Five international raiders not to miss at Royal Ascot


Tepin: winner of the Breeders’ Cup Mile last year at Keeneland

  PICTURE: Wendy Wooley/EquiSport Photos  

 By Peter Scargill 7:00pM 8 JUN 2016 

The international runners at Royal Ascot each year are part of the huge excitement at the meeting. This year some stars names from around the globe are set to line up. Here are just some of the big names that we can look forward to seeing…

Name: Tepin
Country: USA
Age/trainer: 5/Mark Casse
Race: Queen Anne Stakes (4-1f)

Why she’s exciting: A near-flawless record on turf since the start of last year with nine wins from 11 starts. Tactical speed and a sharp change of speed have helped her succeed over tight two-turn miles in the USA, including when winning the Breeders’ Cup Mile last year. Star quality in abundance for the first race of Royal Ascot.

What they say: “I’m in a position where I’m bringing across a filly that is being talked about as one of the all-time best turf females in North American racing and I want her to be able to show that,” Mark Casse, trainer.

ACAPULCO Churchill Downs May 14, 2016

Acapulco: a scintillating winner at the royal meeting last season

  PICTURE: Coady Photography  

Name: Acapulco
Country: USA
Age/trainer: 3/Wesley Ward
Races: King’s Stand Stakes (8-1) or Commonwealth Cup (5-1)

Why she’s exciting: Monstrous filly whose size and speed were something to behold during her two starts in Britain last year – a dominant win in the Queen Mary and a gung-ho attempt to make all in the Nunthorpe. Two wins in two starts this year in preparation for Royal Ascot and set to line up with all guns blazing.

What they say: “She’s very special. Wesley said she’s like a four-year-old, and she rides like one. She’s got a great attitude and loads of pace,” Ryan Moore, rider.

A Shin Hikari

A Shin Hikari: romped to a ten-length victory at Group 1 level in France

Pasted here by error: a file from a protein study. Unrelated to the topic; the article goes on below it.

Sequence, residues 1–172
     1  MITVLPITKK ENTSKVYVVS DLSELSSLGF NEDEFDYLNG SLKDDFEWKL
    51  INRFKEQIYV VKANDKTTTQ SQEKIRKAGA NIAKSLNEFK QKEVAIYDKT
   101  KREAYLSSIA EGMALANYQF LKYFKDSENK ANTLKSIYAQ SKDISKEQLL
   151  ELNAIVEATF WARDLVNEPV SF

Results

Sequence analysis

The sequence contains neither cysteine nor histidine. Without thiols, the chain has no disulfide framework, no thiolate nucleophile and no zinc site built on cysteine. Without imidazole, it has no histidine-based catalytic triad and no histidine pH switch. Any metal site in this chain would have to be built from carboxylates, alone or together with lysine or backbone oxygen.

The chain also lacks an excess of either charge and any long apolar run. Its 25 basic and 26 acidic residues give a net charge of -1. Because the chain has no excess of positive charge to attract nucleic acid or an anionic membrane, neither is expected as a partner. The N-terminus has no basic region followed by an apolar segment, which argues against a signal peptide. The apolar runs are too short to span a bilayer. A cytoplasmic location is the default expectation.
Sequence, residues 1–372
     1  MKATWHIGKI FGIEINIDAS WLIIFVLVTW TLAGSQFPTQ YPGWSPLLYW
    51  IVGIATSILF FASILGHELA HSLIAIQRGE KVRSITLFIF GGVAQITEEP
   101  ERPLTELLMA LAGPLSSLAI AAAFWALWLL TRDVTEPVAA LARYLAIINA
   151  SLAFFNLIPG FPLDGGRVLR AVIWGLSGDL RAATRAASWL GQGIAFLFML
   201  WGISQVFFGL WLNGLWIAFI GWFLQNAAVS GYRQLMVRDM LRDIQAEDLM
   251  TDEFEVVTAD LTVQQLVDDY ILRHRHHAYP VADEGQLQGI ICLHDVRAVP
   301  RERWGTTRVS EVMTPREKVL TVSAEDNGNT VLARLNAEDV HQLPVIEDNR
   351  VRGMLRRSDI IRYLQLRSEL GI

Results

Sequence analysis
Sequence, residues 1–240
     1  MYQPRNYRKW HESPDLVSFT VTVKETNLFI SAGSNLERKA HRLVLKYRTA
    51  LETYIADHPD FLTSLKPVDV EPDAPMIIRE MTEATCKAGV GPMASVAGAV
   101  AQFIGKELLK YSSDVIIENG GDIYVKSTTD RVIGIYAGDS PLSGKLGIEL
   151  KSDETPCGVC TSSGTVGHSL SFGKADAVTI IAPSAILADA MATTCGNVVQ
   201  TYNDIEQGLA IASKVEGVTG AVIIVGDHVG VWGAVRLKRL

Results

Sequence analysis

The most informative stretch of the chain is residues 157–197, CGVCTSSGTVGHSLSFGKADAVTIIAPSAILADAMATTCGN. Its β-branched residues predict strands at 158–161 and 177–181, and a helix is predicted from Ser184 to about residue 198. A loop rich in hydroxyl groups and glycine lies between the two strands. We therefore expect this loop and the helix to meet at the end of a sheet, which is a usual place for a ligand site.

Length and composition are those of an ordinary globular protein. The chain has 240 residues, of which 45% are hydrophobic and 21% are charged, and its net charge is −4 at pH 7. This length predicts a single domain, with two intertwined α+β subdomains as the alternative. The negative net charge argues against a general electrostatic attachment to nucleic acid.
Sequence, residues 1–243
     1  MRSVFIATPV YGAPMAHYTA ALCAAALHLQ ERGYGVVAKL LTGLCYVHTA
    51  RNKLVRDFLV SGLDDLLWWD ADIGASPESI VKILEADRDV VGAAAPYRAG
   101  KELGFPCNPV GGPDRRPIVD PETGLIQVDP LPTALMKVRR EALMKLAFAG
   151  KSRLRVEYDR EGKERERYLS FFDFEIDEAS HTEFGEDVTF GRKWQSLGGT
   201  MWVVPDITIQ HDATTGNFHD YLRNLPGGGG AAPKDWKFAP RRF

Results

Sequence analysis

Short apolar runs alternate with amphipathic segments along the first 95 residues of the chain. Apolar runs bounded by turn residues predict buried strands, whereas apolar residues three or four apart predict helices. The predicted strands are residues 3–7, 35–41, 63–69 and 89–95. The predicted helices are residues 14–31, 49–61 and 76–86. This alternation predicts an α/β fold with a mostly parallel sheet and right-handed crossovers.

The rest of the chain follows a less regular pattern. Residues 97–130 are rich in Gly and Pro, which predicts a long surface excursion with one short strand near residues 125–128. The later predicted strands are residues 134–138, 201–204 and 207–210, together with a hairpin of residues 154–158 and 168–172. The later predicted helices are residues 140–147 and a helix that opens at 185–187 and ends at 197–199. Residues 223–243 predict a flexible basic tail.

PICTURE: Masakazu Takahashi  

Name: A Shin Hikari
Country: Japan
Age/trainer: 5/Masanori Sakaguchi
Race: Prince of Wales’s Stakes (2-1f)

Why he’s exciting: ‘Wow’ was the universal reaction in racing to A Shin Hikari’s ten-length destruction of his rivals in the Group 1 Prix d’Ispahan at Chantilly last month, and he is perhaps the most eagerly anticipated international runner at the meeting this year. While winning the Arc remains the Holy Grail for Japan, a first Royal Ascot win would likely send the racing-mad nation into pandemonium, especially as national hero Yutaka Take rides.

What they say: “I will ride my race and let the horse do all the talking,” Yukata Take, talking to The Sun.

Gold Fun

Gold Fun: possesses a sharp turn of foot in his races

Horse: Gold-Fun
Country: Hong Kong
7/Richard Gibson
Race: Diamond Jubilee Stakes (14-1)

Why he’s exciting: An ex-Irish runner trained in Hong Kong by an Englishman who made his name training in France, yep Gold-Fun is as international as it comes. He is also very fast. While he may be just short of Group 1 level in Hong Kong, a nation that is among the strongest in the world when it comes to sprinters, Gold-Fun still possesses a rapid change of speed and stays further than 6f, an important asset on Ascot’s stiff uphill straight course.

What they say: “We’ve kept this horse very fresh and he runs very well fresh,” Richard Gibson, trainer.

Florent Geroux rides Mongolian Saturday

Mongolian Saturday: could take both sprints at Royal Ascot

  PICTURE: Getty Images  

Horse: Mongolian Saturday
Country: USA
Age/trainer: 6/Enebish Ganbat
Races: King’s Stand Stakes (16-1) and/or Diamond Jubilee (25-1)

Why he’s exciting: Produced one of the best stories of the Breeders’ Cup when winning the Turf Sprint, a first victory at the meeting for a Mongolian-born trainer. Enebish Ganbat, who trains Mongolian Saturday for wealthy businessman Ganbaatar Dagvadorj, formerly trained ponies to race 20 miles in his home country but has proved just as good at trainer fast horses in the US. Down the field in his latest outing, Mongolian Saturday is sure to be primed to run a big race at Ascot next week.

What they say: “I told all my employees to never call him Mongolian Saturday, only the Champion. In my training book, always write Champion,” Enebish Ganbat, trainer.

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